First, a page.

In his 2019-20 budget proposal, Gov. Cooper recommended freezing OSP enrollment and zeroing out forward funding for the program which is another way to essentially kill it. Cooper recommended the same in his first budget proposal.
Cooper defends his action by saying OSP lacks accountability and would be better spent by the public schools. Several bills have suggested redirecting this money back to the public schools where opponents of OSP say it is most needed.
Contrary to the assertions of many, ending forward funding would not aid the public schools. Students from the OSP program would show up in the public schools and schools would have to find space and resources to educate them. To date, Gov. Cooper has suggested he would not provide any additional funding for the public schools to handle the influx of students.
The fact is, if more students are enrolled in the public schools, taxpayers will pay more, but because there wil be more students, less money will be available on a per student basis.
Lastly, during the debate on the Senate floor to expand OSP eligibility to a family of four earning about $71,000. Sen Marcus (D-Mecklenburg) said:
“This is no longer going to be a program that was as originally designed. Instead it’s going to be one for relatively high-income families to send their kids to private schools even if they can and probably are now affording private school from their own funds.”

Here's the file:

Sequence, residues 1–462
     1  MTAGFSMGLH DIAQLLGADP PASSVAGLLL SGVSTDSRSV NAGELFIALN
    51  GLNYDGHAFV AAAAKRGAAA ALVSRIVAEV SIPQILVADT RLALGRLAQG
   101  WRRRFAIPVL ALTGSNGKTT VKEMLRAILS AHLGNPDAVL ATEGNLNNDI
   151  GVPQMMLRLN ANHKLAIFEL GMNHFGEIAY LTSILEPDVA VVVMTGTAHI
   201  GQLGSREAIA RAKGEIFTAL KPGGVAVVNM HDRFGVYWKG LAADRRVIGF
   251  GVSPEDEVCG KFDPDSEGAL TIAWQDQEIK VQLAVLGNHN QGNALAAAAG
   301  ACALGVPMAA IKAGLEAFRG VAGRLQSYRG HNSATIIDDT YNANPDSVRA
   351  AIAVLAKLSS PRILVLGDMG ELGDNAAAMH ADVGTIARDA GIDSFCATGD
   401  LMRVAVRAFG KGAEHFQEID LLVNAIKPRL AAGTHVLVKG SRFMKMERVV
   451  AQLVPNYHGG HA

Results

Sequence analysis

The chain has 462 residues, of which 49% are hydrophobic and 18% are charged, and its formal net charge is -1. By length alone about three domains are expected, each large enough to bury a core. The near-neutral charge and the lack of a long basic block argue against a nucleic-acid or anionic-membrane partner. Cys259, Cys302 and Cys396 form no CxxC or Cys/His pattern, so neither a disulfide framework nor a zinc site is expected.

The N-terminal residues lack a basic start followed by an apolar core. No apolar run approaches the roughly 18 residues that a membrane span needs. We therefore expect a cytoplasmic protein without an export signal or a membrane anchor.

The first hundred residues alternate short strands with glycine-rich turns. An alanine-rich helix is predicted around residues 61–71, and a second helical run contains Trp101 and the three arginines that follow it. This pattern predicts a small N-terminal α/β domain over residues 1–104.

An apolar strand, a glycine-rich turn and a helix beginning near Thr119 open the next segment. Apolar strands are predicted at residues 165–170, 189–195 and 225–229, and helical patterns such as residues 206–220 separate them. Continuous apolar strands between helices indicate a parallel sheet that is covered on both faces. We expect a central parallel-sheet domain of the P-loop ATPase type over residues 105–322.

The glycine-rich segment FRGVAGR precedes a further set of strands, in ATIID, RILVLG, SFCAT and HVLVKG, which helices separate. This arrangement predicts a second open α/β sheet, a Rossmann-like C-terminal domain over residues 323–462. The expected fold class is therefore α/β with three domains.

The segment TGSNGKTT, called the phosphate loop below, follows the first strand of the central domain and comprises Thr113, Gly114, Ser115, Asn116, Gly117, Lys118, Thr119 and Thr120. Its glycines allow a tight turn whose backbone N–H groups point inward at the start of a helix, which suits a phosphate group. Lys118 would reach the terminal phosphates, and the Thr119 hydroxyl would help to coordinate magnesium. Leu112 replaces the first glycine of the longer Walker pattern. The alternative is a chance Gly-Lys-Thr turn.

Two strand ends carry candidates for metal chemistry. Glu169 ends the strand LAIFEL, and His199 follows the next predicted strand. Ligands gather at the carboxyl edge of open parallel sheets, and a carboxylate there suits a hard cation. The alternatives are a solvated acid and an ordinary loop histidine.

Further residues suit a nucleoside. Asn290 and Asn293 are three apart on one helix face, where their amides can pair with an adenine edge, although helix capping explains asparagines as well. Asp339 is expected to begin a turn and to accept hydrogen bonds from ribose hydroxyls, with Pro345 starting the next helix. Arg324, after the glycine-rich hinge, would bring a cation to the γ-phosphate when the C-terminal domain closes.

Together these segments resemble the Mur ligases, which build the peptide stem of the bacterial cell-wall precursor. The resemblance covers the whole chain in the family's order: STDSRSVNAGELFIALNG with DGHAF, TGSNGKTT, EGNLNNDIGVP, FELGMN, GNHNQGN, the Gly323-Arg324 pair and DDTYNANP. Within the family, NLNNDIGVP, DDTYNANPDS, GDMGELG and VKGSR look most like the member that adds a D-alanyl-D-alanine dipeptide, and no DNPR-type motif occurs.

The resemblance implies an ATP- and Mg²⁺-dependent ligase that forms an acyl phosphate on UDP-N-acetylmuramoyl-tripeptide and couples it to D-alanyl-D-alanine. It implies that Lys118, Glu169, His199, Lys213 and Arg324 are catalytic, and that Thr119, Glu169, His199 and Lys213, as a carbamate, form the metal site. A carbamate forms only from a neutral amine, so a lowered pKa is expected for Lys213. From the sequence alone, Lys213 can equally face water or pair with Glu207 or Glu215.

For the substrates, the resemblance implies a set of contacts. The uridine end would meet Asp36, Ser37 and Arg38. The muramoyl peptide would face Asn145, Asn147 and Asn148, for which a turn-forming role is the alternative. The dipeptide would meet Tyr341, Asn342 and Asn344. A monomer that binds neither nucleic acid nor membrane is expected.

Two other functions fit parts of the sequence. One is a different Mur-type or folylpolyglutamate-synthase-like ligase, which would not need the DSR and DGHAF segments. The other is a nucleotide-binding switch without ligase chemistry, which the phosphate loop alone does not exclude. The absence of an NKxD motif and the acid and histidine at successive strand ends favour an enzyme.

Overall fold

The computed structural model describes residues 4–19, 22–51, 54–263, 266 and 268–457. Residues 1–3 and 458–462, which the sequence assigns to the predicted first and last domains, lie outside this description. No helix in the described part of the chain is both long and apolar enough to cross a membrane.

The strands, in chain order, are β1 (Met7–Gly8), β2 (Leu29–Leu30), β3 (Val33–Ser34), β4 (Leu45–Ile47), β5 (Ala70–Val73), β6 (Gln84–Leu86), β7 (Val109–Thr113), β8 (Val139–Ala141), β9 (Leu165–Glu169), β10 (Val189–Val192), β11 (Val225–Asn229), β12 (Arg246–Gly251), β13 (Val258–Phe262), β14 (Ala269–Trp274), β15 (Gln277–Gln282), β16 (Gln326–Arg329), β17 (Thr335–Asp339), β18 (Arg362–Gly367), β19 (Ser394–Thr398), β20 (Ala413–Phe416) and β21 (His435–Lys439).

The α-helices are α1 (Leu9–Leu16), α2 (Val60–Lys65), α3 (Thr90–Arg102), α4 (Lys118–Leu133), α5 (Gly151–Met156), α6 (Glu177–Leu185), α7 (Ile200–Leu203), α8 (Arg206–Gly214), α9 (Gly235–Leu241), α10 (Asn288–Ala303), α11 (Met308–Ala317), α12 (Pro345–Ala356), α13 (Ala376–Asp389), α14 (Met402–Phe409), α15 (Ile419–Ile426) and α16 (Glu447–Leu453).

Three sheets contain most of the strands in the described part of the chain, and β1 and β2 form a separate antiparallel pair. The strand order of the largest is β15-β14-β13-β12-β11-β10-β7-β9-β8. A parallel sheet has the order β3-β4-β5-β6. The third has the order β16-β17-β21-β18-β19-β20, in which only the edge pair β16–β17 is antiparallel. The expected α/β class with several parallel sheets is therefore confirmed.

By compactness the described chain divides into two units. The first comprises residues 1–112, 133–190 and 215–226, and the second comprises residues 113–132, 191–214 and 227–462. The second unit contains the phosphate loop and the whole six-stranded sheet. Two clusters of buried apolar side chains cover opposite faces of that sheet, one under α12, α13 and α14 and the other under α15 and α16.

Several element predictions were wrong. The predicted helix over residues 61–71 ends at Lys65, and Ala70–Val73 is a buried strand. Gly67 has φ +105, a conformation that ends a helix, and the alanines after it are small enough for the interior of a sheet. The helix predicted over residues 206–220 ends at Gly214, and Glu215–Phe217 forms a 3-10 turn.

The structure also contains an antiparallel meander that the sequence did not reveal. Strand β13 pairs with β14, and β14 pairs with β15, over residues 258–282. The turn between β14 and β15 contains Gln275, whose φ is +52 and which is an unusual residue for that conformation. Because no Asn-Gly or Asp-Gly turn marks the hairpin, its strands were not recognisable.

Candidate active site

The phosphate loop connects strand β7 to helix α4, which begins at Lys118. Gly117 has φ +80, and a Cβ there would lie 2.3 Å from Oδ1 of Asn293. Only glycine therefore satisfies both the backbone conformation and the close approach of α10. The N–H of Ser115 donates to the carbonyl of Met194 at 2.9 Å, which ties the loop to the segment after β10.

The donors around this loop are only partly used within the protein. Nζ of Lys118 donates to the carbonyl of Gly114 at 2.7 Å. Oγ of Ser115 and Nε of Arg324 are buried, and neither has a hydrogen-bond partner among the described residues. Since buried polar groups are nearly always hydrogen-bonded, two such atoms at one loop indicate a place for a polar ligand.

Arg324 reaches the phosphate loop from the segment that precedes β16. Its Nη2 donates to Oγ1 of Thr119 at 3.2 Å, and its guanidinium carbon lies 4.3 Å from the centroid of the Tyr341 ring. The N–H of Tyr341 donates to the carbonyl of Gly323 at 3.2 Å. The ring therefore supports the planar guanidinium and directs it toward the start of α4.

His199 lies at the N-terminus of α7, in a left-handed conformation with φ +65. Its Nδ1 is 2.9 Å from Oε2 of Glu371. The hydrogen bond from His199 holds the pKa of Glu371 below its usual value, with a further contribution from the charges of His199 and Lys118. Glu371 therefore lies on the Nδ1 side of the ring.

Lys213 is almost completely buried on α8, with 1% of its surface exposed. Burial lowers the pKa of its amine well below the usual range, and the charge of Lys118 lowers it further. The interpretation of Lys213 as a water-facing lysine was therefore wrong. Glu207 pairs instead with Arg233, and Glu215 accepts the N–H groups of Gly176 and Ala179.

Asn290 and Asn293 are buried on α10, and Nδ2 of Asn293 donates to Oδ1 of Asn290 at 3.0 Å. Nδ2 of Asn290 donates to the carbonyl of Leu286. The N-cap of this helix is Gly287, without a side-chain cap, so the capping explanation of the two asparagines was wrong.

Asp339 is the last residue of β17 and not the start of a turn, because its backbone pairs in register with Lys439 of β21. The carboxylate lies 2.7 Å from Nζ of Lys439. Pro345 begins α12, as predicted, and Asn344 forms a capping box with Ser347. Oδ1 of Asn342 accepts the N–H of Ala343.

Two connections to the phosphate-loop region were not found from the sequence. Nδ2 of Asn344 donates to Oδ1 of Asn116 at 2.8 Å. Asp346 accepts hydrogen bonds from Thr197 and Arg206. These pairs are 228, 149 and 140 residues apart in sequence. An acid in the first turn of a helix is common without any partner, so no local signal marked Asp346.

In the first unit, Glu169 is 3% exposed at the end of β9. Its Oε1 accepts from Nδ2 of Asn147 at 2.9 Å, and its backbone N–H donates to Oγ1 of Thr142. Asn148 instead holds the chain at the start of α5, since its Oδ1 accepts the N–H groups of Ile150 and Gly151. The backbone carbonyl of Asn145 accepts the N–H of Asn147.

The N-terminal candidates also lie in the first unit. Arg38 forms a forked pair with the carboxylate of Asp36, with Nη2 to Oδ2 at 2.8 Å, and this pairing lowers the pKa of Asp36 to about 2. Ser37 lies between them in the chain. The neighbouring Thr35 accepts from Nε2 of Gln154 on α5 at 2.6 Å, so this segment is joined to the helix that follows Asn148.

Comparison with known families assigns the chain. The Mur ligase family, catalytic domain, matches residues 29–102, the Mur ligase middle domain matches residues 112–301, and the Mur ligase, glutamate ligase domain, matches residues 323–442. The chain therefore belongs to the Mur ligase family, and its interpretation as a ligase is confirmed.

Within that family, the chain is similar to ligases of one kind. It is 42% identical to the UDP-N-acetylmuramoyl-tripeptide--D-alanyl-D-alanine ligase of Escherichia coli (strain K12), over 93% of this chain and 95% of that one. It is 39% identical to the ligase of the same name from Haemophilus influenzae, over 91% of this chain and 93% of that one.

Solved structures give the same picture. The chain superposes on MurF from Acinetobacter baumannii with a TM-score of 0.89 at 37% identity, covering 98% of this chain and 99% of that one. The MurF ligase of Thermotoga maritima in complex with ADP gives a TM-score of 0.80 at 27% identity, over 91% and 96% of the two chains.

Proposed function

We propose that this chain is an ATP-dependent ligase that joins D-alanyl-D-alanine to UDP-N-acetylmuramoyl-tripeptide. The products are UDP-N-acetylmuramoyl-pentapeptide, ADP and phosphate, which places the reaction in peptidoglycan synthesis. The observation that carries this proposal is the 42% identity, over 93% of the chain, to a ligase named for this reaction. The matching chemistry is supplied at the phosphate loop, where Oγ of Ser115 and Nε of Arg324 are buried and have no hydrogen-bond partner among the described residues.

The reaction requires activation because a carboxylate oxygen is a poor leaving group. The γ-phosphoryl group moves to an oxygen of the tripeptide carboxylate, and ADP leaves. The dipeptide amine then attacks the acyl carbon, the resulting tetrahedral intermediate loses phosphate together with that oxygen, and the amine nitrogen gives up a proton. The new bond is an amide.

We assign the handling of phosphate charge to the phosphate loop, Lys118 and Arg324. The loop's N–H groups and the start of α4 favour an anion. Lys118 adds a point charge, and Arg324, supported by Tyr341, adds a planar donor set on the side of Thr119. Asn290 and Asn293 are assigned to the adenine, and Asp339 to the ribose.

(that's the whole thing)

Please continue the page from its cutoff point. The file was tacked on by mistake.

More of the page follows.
A family of four with an income of $71,000 is “high income”? I think you’d find a lot of families who would disagree with that designation. I would like to remind Sen. Marcus of NaShonda Cooke. Last year she appeared on the cover of Time Magazine in an article on struggling teachers. Cooke, a teacher in Durham is quoted in the story:
I have 20 years of experience, but I can’t afford to fix my car, see a doctor for headaches or save for my child’s future. I’m a teacher in America.
Cooke worked two teaching jobs for 10.5 months for a combined salary of $69,165. Is Sen. Marcus saying Cooke – and all other educators who earn the same – are “high income”?
Marcus implies that $71,000 somehow fails the acceptable threshold test for OSP recipients, but it’s not a living wage for teachers. The distinction lacks justification.
Opportunity Scholarships offer 9,600 students throughout North Carolina the chance to access educational opportunities that best fit their needs. A recent survey of parents with children in the OSP program found 97 percent of parents were satisfied or very satisfied with the program and 97 percent of parents said they were happy with their child’s academic progress.
Does OSP take money from the public schools? No. OSP is funded separately and administered through UNC — not the Department of Public Instruction. OSP funds have no connection to the public schools.
As OSP grows, it provides more children the opportunity to receive a quality education. A recent poll showed the popularity of the Opportunity Scholarship Program. It’s clear the public supports these opportunities. And children and parents want these opportunities.
It should anger us no end that some lawmakers are working to limit and take away these options.